Having just returned from several weeks in Israel, I am struck by the fact that a very significant aspect of the Iran debate is receiving very little attention in the American news media: the fact that the mainstream Israeli left is just as strongly opposed to the agreement as is the Israeli right.
Isaac Herzog, leader of Israel’s Labor Party opposition, calls it “a horrible deal, one that will go down as the tragedy of the ages.” Herzog says “There are clear risks to Israel’s security in this deal…it will unleash a lion from the cage, it will have a direct influence over the balance of power in our region, it’s going to affect our borders, and it will affect the safety of my children.” Herzog does not mince words in calling Iran “an empire of evil and hate that spreads terror across the region.”
Herzog warns that the deal will enable Iran “to become a nuclear-threshold state in a decade or so.” Moreover, Herzog points out, Iran will take the funds it obtains after sanctions are lifted and use them to resupply Hezbollah and Hamas, and “generally increase the worst type of activities that they’ve been doing.” Herzog’s partner in the opposition leadership, former foreign minister and justice minister Tzipi Livni, has likewise condemned this “bad deal.”
The Israeli left calls it a bad deal. But many on the American Jewish left call it a good deal. This must be a terribly frustrating for groups like J Street, which energetically supported Herzog and Livni in the recent Israeli election campaign and now find themselves at odds with their Israeli comrades.
Within hours of President Obama’s announcement of the deal, J Street and several other left-of-center American Jewish organizations endorsed the agreement and pledged to lobby for its passage. The timing of their endorsements is significant. Their leaders did not have sufficient time to read, carefully analyze, and thoroughly discuss the 159 page agreement, some of which involves highly technical information about nuclear matters.
They did not wait to hear what critics of the agreement had to say. There was not enough time for them to consider what even left-wing Israeli analysts would say after reading the agreement. Evidently they weren’t interested in hearing the other side. They made a political decision to support the agreement.
Of course, that is their right. We American Jews live in a democracy and if somebody wants to blindly follow President Obama for political reasons, they can do so. Dissent is a legitimate, even cherished, concept in the American Jewish community. A minority faction can take an extreme or unpopular position if it so chooses.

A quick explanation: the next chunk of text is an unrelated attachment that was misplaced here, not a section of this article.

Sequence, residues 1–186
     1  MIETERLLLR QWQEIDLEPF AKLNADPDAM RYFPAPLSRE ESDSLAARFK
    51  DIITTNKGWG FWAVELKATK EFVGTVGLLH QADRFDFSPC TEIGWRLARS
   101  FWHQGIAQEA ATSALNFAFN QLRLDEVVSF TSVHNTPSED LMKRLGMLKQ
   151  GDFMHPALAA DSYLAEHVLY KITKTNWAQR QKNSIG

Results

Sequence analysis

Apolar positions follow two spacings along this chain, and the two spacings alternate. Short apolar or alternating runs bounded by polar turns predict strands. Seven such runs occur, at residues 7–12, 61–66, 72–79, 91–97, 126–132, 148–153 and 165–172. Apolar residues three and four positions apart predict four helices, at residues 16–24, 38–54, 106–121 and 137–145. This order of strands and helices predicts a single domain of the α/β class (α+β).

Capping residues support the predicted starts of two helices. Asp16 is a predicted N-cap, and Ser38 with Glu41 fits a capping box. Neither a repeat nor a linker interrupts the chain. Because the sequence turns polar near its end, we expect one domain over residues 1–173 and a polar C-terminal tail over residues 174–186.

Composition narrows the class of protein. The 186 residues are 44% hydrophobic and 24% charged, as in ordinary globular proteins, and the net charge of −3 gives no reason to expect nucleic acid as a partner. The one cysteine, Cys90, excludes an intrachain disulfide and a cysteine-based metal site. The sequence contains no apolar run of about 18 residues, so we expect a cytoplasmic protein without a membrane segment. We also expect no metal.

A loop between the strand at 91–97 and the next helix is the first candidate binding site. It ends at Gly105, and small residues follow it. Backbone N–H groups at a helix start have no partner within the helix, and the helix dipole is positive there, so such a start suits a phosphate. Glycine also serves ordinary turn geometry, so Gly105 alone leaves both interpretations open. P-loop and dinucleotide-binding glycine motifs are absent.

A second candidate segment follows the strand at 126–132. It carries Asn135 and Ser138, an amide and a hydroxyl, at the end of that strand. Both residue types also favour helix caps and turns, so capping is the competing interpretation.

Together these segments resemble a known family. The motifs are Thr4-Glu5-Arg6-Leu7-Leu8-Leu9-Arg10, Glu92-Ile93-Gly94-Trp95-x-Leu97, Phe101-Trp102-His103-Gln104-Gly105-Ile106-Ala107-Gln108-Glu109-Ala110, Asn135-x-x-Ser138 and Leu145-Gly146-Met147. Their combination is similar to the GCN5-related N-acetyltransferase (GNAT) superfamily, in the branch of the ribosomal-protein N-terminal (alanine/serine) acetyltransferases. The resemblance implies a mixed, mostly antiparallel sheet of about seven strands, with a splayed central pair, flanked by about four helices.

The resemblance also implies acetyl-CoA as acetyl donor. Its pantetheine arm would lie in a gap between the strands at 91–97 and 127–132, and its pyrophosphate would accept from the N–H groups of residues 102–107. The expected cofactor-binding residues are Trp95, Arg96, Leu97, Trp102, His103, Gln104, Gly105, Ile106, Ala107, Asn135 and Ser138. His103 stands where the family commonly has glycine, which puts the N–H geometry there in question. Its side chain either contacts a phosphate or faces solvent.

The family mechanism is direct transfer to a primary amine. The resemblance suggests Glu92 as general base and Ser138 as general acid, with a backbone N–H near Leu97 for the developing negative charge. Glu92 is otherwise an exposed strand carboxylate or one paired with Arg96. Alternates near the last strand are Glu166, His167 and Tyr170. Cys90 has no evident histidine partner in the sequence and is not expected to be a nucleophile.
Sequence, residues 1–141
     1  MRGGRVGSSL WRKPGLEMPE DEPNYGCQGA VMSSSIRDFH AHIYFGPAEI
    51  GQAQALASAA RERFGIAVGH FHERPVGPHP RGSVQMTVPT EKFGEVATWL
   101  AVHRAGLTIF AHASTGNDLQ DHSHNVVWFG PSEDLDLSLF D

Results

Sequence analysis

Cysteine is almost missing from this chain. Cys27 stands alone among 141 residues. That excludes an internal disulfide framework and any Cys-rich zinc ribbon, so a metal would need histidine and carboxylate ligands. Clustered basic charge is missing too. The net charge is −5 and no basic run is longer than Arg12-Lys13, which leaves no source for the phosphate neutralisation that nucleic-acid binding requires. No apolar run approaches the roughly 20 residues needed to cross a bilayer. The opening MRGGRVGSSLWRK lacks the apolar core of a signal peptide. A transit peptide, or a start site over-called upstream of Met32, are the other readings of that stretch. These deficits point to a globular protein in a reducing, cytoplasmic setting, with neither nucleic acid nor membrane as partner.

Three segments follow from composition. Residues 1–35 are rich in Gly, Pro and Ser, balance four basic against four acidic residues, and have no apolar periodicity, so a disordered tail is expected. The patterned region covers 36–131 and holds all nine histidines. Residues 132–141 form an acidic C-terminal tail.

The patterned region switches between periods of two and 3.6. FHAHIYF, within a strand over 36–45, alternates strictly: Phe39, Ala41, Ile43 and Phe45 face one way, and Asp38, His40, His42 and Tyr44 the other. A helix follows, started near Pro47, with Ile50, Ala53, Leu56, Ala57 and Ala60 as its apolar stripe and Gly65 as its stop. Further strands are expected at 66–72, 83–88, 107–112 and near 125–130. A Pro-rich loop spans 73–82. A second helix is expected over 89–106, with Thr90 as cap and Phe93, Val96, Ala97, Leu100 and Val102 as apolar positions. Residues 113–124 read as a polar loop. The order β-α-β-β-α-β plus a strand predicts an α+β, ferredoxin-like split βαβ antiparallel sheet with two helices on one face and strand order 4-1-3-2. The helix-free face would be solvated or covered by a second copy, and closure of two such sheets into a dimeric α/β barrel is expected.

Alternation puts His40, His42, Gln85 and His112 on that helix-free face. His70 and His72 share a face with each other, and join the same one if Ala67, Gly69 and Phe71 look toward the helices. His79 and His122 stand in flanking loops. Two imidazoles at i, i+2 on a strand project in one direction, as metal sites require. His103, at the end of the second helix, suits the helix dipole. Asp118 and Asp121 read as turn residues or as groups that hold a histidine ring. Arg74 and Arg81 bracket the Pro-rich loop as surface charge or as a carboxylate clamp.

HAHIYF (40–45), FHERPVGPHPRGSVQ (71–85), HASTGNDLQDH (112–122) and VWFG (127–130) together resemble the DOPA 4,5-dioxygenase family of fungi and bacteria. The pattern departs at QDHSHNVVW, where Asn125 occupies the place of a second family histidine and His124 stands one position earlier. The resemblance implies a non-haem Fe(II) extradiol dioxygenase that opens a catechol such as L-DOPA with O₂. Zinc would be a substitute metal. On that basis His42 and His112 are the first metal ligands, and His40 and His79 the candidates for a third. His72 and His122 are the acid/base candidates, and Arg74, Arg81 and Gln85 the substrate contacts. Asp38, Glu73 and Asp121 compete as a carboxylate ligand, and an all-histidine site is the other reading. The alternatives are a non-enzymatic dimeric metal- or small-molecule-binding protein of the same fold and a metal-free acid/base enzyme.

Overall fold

The rest of the community will have to decide what these developments say about the credibility of the pro-Iran agreement groups. Are the positions taken by these groups truly intended to safeguard Israel? Or is their main priority to advance a narrower political purpose? A number of the Israelis with whom I spoke in recent weeks certainly wondered about that.
In these circumstances, the new Israeli left-right consensus is extremely important. It demonstrates that criticism of the Iran deal is not just some “right-wing” concern. The flaws in the agreement are not inventions of nationalist ideologues who mistrust the world, or hate Muslims, or lust for war. Hawks and doves alike realize that it’s a bad deal. Hawks and doves alike realize it will endanger their lives and the lives of their children.
My many recent conversations with Israelis from all walks of life reminded me, again and again, that at the end of the day, Israelis, not American Jews, live on the front lines of Iran’s regional aggression. If Hezbollah or Hamas are at all strengthened by Iranian funds, it is the homes of Israelis that will be hit by those rockets.
So if a broad wall-to-wall, left-to-right consensus of Israelis agree that the deal endangers them, we American Jews need to pay attention to that. Not because we don’t have the right to disagree even with a large majority — of course we do — but because those whose lives are on the line deserve extra respect and consideration from those whose aren’t.
Benyamin Korn, the former executive editor of the Philadelphia Jewish Exponent and the Miami Jewish Tribune, is chairman of the Philadelphia Religious Zionists.